Up Before Daybreak: Cotton and People in America
Up Before Daybreak: Cotton and People in America
$13.11
To purchase this item, you must first login or register for a new account.

Annotation: Provides a history of the cotton industry in America from the slaves who toiled in the fields where it grew to the women who worked in the mills in New England where it was made into clothing and other products.
Genre: Economics
Catalog Number: #1045
Format: Perma-Bound Edition from Publisher's Hardcover
All Formats: Search
Special Formats: Inventory Sale Inventory Sale
Common Core/STEAM: Common Core Common Core
Copyright Date: 2006
Edition Date: c2006
Pages: 120 p.
Availability: Available
ISBN: Publisher: 0-439-63901-8 Perma-Bound: 0-605-05567-X
ISBN 13: Publisher: 978-0-439-63901-9 Perma-Bound: 978-0-605-05567-4
Dewey: 331.7
LCCN: 2005008128
Dimensions: 22 cm.
Language: English
Reviews:
Horn Book
Cotton has always been vital to the U.S. economy; here Hopkinson focuses on the hard lives of the people, especially the children, who raised the crop, took it to market, and turned it into cloth. Anecdotal vignettes from oral history enliven the account, and a generous selection of historical photographs, documents, and illustrations accompanies the text. Reading list, sources. Bib., ind.
Kirkus Reviews
"The voices of children weave through the story of cotton," and the story of cotton weaves through the story of our nation. Drawing on oral histories from the Federal Writers project of the 1930s and the oral-history interviews with Lowell mill workers in the 1970s and 1980s, Hopkinson makes history come alive through the voices of the people. Real people's stories are woven into a rich narrative of the history: clothmaking, the cotton gin, slavery, the Great Migration, the Great Depression and the continuing problem of child labor around the world. This volume, like the author's Shutting Out the Sky (2003), is a model of superb nonfiction writing and how to use primary sources to create engaging narratives. The prose is clear, the documentation excellent and well-selected photographs support the text beautifully. What might have been a dry topic is lively, the voices of the children vivid and personal. (Nonfiction. 9+)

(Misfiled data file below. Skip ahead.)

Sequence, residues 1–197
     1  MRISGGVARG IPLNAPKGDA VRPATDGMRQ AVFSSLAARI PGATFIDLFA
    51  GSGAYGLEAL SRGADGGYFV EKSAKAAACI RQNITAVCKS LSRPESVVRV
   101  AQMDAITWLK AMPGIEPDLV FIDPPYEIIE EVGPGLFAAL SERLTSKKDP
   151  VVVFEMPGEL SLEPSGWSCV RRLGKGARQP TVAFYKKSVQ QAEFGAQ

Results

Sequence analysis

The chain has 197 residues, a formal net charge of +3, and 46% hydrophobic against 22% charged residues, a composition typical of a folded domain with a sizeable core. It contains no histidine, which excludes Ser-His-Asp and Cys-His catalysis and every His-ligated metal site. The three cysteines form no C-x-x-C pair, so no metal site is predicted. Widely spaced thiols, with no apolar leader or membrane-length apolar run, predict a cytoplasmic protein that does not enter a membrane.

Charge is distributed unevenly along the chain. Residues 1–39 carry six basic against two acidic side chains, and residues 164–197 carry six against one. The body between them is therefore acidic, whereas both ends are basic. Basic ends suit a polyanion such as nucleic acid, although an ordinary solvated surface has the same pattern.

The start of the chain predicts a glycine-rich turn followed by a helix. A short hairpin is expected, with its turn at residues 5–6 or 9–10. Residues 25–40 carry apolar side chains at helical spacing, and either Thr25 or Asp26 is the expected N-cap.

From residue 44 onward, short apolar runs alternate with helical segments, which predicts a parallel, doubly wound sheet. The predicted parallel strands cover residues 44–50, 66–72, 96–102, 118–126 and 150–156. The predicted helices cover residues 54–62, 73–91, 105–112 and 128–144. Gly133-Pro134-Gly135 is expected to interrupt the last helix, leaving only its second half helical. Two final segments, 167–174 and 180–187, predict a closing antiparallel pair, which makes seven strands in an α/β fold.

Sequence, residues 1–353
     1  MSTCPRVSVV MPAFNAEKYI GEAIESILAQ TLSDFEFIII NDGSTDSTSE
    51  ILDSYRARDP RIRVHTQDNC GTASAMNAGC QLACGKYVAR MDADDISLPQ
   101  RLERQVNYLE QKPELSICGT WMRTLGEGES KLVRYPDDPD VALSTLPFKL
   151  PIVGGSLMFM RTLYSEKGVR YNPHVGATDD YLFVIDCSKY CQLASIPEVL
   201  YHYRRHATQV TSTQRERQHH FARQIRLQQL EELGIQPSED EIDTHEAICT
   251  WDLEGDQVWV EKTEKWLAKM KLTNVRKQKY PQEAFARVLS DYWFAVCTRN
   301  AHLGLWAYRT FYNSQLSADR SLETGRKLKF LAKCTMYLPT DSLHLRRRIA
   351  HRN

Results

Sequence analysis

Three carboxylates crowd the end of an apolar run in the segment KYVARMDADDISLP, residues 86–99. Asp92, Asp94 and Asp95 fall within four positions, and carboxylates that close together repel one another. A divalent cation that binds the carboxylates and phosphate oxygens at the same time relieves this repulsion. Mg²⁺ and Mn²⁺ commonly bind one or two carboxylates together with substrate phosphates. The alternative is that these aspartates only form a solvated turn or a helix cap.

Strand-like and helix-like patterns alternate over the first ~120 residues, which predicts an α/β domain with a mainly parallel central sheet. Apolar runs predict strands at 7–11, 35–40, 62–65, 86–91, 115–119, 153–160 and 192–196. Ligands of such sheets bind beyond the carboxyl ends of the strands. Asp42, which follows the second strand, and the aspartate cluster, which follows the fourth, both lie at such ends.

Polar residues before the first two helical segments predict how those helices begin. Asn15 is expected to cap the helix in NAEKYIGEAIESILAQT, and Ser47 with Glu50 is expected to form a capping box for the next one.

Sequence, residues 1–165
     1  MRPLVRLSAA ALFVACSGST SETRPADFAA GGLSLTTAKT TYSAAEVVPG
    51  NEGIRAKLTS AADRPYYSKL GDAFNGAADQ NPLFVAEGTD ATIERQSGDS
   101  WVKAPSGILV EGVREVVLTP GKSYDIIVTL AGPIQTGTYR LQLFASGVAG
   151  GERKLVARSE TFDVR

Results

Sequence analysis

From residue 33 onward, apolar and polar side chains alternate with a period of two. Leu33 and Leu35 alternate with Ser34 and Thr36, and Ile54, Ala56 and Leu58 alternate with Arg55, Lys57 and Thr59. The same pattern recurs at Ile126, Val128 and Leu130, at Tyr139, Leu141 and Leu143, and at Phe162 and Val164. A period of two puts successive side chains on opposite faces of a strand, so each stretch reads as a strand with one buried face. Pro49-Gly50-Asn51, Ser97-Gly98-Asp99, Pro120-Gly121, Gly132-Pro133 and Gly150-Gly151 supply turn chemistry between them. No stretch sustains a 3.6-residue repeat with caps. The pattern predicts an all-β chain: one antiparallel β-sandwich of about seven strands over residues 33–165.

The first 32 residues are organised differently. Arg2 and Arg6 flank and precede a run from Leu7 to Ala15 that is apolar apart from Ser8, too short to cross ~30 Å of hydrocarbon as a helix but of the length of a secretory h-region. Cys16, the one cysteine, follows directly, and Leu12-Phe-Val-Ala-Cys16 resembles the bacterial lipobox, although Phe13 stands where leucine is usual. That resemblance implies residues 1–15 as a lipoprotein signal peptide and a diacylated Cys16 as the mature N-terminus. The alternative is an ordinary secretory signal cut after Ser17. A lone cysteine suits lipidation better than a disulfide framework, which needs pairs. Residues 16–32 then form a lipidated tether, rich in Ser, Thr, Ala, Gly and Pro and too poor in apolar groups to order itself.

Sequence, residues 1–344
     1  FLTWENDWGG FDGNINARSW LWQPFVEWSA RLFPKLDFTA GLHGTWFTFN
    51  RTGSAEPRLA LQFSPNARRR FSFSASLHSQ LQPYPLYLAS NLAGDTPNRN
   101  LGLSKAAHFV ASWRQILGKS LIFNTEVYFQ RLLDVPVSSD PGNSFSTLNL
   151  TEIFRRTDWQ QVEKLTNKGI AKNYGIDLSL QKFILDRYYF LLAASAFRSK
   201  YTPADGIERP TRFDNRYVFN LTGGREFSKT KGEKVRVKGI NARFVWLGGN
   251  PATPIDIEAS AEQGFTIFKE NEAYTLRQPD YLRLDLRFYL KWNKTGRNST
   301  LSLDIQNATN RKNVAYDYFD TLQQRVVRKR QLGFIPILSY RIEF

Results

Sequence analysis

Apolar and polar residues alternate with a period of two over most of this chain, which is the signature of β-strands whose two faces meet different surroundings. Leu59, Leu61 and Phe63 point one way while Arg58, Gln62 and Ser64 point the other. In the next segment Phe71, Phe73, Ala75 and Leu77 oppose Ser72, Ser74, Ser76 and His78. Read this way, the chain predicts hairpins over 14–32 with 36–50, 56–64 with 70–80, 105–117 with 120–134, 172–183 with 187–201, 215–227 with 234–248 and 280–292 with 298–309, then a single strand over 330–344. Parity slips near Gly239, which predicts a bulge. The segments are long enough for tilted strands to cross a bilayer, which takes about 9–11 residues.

School Library Journal Starred Review
Gr 4-8-Making excellent use of primary sources (even noting when these sources may be less than accurate) and extended with black-and-white photos and period reproductions, this excellent work gives a detailed picture of the effect of cotton production on the social structure of the United States. From 1607, when the earliest English settlers arrived in Virginia, cotton was among the plants grown in colonial gardens. With the onset of the Industrial Revolution in England, the demand for it increased, and the southern colonies found it lucrative to step up production. That cotton culture was part and parcel of the slave system becomes clear in this thoughtfully composed volume. Hopkinson also considers the young women who flocked to Lowell, MA, and the surrounding area to work in the textile factories. After the Civil War, the southern economy remained dependent on cotton, trading the slave system for a sharecropping system, and moving many of the mills to the south. Following workers' histories up through the Great Depression, the final chapter discusses child labor in the past and present. This informative work extends titles such as Arthur John L'Hommedieu's From Plant to Blue Jeans (Scholastic Library, 1998). A first-rate report and research source.-Ann Welton, Grant Elementary School, Tacoma, WA Copyright 2006 Reed Business Information.
Starred Review ALA Booklist